How can you tell where to direct your efforts?
By identifying the two or three things you least want to do. For me, it has been practicing my voice therapy exercises, and doing abdominal workouts.
It’s not because they were important that I delayed them. It’s more because they are kind of monotonous and not particularly fun. Actually, when I’m into doing them, I coast along easily. It’s getting started that is so grueling.
To me, it’s kind of ironic that the activities that generate so much resistance are the very ones that are often the most important for one’s personal growth. My two, in particular, are no exception to this rule. I simply can’t get excited about blowing bubbles into a cup with a straw or sweating on the floor with my legs in the air.
But today I just decided to bloody do it. OK, these were the two things I’m avoiding, and they also happen to be two of the most important things I must do for myself. So, damn it, I’m just going to do them.
Of course, once I got past the first five minutes, everything was fine and I wasn’t even thinking about how much I hated my life anymore. Well, that’s a bit of a lie – a part of me was still begrudging my bubble-blowing and ab-crunching. But at least I bloody did them.
Now, will I do them tomorrow?
The only way to ensure that progress is being made from one echelon to another is if pain is being felt. Not the kind of pain that renders a person immobile, but the kind that shocks the system just enough to make him stronger when he returns to his senses.
I used to have some misunderstandings about Growth. I thought it was something that, if you were consistent or even “passionate” enough, you could grow fast, and not really feel it. But the fastest growth is felt, and it feels downright painful.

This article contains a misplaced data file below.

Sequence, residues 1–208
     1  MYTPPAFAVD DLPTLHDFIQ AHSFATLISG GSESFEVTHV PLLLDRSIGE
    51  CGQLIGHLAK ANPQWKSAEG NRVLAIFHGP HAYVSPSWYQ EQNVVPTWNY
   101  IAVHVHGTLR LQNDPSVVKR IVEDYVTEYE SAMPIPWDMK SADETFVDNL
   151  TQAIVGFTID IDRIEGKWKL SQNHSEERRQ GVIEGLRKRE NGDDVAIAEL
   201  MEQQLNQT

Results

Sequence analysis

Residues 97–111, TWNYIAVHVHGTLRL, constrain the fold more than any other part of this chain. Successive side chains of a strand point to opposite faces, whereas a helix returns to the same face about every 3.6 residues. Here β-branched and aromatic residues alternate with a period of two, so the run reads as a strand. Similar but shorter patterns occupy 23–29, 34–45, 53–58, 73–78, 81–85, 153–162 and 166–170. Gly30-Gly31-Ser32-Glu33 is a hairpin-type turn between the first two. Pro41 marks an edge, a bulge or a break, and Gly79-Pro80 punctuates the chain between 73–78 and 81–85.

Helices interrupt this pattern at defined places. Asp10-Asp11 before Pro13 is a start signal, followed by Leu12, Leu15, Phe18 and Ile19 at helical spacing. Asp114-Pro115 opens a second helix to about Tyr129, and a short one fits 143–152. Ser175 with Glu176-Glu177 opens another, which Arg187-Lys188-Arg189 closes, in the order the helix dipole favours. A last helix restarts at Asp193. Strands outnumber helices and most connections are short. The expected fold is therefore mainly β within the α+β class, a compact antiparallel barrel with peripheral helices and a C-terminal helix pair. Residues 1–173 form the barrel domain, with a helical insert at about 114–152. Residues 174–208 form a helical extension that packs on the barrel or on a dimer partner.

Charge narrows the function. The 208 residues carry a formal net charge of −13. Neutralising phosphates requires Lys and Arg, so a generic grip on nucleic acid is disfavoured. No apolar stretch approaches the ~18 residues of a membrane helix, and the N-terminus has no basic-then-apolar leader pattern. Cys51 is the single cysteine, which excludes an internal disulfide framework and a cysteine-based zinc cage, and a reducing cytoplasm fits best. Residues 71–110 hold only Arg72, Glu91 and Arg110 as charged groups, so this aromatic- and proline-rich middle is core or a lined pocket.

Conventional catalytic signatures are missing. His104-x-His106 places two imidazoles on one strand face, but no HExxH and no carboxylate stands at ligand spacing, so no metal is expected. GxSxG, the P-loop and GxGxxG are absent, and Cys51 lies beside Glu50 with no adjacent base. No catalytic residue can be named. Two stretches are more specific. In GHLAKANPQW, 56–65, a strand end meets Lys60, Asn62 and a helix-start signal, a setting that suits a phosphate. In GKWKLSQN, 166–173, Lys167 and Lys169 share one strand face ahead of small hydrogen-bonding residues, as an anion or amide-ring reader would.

True Growth must be accompanied by a certain kind of mentality, one in which you’re not really concerned with the bigger picture. Noticing the bigger picture can only overwhelm us and cause us to get discouraged. We might look at all the Pain ahead, and just decide that staying where we are is better.
In a way, we must be willfully ignorant. My PT told me today, “If you think about how heavy it is, you won’t do it.” This can apply to any undertaking. It doesn’t really benefit us to focus on anything other than what’s directly in front of us. We take the small actions, we push ourselves or allow ourselves to be pushed. But letting the gravity, or the density, or the scope, or the magnitude, of what we’re working towards, hold too prominent a place in our minds, is just too likely to throw us off.
And anyway, it’s still going to hurt.